Newsletter – September 2008

Teacher with 34 Years’ Experience wins Age Discrimination Claim

A local authority – Milton Keynes Borough Council – which advertised for teachers in “the first five years of their career” has just lost an age discrimination claim. A 61 year old teacher, a Mrs Rainbow with 34 years’ classroom experience was not short listed for the vacancy. Her claim was successful on the grounds of indirect age discrimination. The tribunal found that people of Mrs Rainbow’s age were likely to have had more experience and would therefore be put at a disadvantage when compared to other applicants. If cost was to be used as a justification the evidence had to be such that the local authority was compelled to take the discriminatory decision. The Council had failed to prove that their decision to appoint a cheaper and less experienced employee was objectively justified on grounds of cost.

Faith Schools Face Campaign Against Their Right to Discriminate on Grounds of Religion

As schools go back after the summer holiday, a campaign has been launched by academics and scientists to stop state-funded faith schools from discriminating against pupils and teachers on the grounds of religion. Under new laws, faith schools are now allowed to include faith as a selection criterion for teaching and non-teaching jobs, reserving more places for people from the same religious community. A group called "Accord" made up of Hindu, Christian, Jewish and Humanist organisations say that this will put restrictions on the employment rights of staff and that discrimination of this sort is illegal in other types of state schools. At their conference earlier this year, the National Union of Teachers put forward an alternative policy proposing that all schools should become practicing multi-faith establishments. Head teachers would bring in imams, rabbis and priests to instruct religious pupils as part of the curriculum in an attempt to satisfy parental demands for religion in schools.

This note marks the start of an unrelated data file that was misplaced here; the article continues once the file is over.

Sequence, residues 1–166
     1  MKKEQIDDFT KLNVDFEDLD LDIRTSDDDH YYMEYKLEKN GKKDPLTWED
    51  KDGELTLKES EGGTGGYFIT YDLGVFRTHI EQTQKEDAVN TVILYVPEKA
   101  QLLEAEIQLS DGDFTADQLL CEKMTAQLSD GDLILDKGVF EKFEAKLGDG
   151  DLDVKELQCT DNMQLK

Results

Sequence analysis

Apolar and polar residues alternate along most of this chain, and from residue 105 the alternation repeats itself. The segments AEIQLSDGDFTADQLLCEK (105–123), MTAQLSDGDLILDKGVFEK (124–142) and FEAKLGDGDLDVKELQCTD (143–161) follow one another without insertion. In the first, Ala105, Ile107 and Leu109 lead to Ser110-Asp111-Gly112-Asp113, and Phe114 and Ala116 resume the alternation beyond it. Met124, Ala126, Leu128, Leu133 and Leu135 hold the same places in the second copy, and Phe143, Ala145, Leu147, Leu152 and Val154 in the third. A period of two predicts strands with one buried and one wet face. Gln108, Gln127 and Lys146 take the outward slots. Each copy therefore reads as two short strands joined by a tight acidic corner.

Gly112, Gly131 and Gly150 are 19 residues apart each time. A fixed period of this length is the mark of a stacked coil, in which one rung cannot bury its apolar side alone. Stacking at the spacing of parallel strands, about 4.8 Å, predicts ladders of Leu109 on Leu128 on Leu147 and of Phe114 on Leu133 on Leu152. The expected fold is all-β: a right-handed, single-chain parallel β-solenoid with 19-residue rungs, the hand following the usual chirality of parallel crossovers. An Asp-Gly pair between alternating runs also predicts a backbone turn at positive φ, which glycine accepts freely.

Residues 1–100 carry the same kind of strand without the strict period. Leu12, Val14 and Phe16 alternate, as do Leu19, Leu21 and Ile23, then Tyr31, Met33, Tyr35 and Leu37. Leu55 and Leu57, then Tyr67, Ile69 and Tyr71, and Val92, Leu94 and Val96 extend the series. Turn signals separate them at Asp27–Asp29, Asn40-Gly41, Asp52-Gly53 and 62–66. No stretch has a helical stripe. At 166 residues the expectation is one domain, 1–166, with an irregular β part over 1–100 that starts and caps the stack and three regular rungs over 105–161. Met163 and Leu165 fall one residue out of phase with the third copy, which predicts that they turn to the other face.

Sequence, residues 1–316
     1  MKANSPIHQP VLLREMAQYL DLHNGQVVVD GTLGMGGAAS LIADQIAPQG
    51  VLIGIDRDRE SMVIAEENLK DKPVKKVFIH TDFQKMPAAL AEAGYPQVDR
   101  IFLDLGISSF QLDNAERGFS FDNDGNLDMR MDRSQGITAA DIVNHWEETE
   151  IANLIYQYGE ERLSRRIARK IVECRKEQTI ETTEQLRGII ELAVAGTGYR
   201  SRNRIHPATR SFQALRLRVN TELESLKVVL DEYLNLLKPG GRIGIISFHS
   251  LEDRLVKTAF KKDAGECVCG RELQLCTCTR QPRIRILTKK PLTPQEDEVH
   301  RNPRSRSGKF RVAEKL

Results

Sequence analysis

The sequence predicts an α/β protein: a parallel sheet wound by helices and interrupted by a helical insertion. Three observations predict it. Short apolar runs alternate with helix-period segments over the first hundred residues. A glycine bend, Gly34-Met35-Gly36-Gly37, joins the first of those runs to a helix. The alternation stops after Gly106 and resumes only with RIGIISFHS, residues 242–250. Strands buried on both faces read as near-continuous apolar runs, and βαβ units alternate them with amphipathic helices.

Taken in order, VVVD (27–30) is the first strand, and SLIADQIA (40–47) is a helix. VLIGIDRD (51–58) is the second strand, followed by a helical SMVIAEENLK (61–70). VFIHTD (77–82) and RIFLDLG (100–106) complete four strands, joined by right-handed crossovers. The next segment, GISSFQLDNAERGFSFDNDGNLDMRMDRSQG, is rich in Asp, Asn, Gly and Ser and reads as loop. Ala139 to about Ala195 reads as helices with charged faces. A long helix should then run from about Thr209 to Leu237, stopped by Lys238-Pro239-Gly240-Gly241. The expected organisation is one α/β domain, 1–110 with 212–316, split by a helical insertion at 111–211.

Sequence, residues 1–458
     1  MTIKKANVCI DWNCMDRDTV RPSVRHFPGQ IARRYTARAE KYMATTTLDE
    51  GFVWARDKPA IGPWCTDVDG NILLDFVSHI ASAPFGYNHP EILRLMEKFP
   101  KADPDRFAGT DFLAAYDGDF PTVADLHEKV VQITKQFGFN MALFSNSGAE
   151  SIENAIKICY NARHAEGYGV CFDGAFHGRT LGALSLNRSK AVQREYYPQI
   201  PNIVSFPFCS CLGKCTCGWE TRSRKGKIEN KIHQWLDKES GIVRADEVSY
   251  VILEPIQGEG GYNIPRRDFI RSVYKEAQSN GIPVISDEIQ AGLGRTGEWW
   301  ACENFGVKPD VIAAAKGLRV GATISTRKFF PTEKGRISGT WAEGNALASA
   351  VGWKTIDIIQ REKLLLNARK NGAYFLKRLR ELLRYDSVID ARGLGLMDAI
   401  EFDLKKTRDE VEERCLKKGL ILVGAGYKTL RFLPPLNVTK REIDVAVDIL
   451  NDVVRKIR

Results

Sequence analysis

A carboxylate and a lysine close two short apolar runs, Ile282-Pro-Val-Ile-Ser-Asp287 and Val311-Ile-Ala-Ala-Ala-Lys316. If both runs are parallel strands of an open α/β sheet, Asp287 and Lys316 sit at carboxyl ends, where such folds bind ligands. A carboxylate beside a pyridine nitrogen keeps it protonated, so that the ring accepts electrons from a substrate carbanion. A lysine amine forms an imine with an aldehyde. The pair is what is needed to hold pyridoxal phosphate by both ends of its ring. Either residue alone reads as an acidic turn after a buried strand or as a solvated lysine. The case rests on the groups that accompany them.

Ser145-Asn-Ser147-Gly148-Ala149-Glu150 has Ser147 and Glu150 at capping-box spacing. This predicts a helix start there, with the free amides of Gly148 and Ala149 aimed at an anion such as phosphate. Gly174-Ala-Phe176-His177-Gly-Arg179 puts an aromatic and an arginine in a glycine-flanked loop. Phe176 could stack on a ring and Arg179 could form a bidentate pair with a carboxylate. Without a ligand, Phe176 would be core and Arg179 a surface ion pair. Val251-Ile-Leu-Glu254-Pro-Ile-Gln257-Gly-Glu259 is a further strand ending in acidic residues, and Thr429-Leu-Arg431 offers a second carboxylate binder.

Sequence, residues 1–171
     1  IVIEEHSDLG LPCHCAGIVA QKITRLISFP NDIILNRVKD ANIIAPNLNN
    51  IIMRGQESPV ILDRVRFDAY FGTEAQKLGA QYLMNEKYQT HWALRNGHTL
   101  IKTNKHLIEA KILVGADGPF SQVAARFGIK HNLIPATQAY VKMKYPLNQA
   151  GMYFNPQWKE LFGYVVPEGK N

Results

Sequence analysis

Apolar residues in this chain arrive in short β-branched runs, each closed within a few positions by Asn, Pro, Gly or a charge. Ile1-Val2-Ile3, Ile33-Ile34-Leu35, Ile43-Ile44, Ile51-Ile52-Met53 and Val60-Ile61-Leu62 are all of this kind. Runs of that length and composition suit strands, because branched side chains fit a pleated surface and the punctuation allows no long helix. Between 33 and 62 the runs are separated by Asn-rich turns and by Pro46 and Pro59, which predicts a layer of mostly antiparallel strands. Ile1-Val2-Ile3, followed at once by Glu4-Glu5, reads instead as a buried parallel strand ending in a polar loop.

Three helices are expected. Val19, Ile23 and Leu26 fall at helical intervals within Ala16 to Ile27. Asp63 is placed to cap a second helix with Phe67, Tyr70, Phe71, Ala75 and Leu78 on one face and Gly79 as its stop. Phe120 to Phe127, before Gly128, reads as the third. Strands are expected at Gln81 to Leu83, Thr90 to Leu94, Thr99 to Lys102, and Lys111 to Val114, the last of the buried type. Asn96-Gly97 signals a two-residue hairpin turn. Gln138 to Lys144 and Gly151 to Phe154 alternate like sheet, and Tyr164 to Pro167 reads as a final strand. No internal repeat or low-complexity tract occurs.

Migrant Worker Licences – Employers Have Only 3 Weeks Left to Apply

The deadline for applying for a sponsorship licence to employ migrant workers is fast approaching – October 1st.

The new licenses replace work permits and will be required for all migrant workers from outside the European Economic Area. The new system is the biggest change to the way migrant workers are employed since the work permit system was introduced 40 years ago. There are five tiers of workers under the new arrangements. The October deadline is for tier two and is for skilled workers. Employers used to be able to obtain work permits for three of four years at a time. There is now a requirement to register to employ migrant workers. And having done so, to stay constantly active in making sure that workers are entitled to continue working. Annual monitoring is required. The term “skilled workers” will include those from a particular specialism where there may not be an available European Union worker who could do the job. It will therefore be especially important in jobs connected to research and development. We have a free outline briefing available on the specific rules governing employer’s monitoring duties. Get in touch if you would like a copy.

Legal Right to Train – More Details Emerge

Employees who have worked for 26 weeks or more will have the right to request time to train under new laws being piloted by the Department for Innovation, Universities and Skills. The right will apply to 22 million workers in England. The Government say it will help some 300,000 of them to receive skills training every year. Employers will be expected to treat training requests the same as considering requests for flexible working. The Government plan to spend over £3 billion on skills training this year and increase the figure to nearly £4 billion by 2010. Further details are available from the Department of Skills on 0207 215 5555. Their consultation paper “Time to Train” is available at